Ya’alon: W. Bank building must return to former pace

"Building is not a price tag for murder," says vice premier, advocating return to policies for developing Judea and Samaria.

yaalon office 311 (photo credit: Ariel Jerozolimski)
yaalon office 311
(photo credit: Ariel Jerozolimski)
Prime Minister Binyamin Netanyahu was caught on Sunday between two former IDF chiefs of General Staff offering him opposite advice on how to react to the terrorist attack in Itamar.
Defense Minister Ehud Barak said that despite the attack, Israel needed to continue to do everything possible to bring the Palestinians back to the negotiating table. He approved tenders for building 400 housing units in the West Bank, but stressed that they were a one-time gesture following the attack.
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“It is important to continue the peace process, because the world will no longer let us rule over another people,” Barak said.
Vice Premier Moshe Ya’alon told The Jerusalem Post that rather than put on a show by approving construction once, the time had come to resume fulfilling the Likud’s campaign pledge to build up Judea and Samaria.
“Building is not the price tag for murder,” Ya’alon said. “For two years, Israel restrained itself more than we thought we would and more than previous governments did. We had said we would allow natural development to enable people in Judea and Samaria to live a normal life. It’s time to return to the policies we promised.”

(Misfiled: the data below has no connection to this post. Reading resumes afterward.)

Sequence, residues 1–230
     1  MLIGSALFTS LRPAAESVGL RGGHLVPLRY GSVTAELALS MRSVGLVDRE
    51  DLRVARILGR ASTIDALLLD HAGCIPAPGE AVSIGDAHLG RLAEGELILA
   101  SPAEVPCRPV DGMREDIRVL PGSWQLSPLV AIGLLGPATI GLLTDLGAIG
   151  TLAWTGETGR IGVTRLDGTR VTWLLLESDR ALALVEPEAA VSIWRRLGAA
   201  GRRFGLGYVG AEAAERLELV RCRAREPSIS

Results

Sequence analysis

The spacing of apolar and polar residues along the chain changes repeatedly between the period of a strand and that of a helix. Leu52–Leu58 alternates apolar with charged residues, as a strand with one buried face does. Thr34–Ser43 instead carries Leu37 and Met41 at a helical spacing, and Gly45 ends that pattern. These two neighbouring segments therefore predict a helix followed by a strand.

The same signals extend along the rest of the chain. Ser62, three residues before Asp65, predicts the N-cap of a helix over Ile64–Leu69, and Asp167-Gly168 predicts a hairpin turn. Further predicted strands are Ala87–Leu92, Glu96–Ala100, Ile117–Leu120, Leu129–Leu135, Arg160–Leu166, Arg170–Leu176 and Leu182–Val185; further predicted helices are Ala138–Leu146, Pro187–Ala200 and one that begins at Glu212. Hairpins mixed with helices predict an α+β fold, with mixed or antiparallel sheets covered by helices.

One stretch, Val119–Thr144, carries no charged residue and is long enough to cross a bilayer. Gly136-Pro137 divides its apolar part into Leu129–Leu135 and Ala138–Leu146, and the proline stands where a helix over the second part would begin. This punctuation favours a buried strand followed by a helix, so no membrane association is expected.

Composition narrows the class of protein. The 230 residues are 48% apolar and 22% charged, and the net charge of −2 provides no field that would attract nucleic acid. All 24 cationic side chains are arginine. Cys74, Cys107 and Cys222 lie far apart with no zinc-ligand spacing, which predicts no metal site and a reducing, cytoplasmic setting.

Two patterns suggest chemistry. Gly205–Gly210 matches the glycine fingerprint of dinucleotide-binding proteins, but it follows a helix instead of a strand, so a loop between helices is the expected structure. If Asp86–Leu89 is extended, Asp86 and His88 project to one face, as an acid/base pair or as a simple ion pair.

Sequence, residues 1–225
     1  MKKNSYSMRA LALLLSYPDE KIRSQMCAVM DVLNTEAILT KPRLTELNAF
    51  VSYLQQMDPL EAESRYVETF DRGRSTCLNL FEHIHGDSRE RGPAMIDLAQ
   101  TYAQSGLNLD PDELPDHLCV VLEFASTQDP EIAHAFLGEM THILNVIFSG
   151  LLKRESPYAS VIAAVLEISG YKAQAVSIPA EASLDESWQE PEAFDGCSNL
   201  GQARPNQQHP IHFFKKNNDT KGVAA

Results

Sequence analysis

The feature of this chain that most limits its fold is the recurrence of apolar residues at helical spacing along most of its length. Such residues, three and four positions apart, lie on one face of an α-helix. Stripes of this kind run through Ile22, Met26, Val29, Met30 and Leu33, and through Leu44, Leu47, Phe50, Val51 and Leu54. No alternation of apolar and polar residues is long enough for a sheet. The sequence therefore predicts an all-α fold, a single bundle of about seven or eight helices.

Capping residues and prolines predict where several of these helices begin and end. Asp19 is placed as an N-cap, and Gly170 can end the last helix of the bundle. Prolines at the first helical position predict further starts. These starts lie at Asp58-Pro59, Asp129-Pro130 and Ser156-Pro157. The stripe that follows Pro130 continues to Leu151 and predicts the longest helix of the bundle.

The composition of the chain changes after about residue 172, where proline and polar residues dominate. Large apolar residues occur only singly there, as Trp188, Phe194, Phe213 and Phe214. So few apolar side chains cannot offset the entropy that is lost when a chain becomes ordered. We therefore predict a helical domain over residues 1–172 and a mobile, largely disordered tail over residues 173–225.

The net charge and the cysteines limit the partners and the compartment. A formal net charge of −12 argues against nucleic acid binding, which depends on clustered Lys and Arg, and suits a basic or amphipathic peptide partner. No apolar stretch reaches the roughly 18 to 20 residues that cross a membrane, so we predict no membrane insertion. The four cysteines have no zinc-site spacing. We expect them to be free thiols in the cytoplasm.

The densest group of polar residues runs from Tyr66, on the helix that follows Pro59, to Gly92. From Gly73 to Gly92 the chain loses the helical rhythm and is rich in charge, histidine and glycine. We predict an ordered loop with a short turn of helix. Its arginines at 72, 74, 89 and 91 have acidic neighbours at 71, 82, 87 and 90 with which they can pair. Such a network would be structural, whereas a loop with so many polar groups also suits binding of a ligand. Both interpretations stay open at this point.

Ya’alon said policies restraining construction in Judea and Samaria were now in place only due to American sensitivity after the policies had failed to return the Palestinians to the negotiating table.
He said there was no longer any reason to reward the Palestinians for taking no steps in the right direction.
“What happened on Shabbat proves the Palestinians don’t do anything except incite,” he said.
The Likud’s nationalist task force sent a letter to Likud ministers urging them to call upon Netanyahu to fire Barak for not preventing the attack in Itamar.
Opposition leader Tzipi Livni cautioned against using the attack in Itamar for political gain. In a speech in Tel Aviv, she criticized Netanyahu’s calls for the international community and the Palestinians to issue stronger condemnations of the attack.
“It is not enough to call for the world to criticize terror,” Livni said. “Our ability to gain legitimacy to fight terror depends on our attempts to reach an agreement with pragmatic elements.”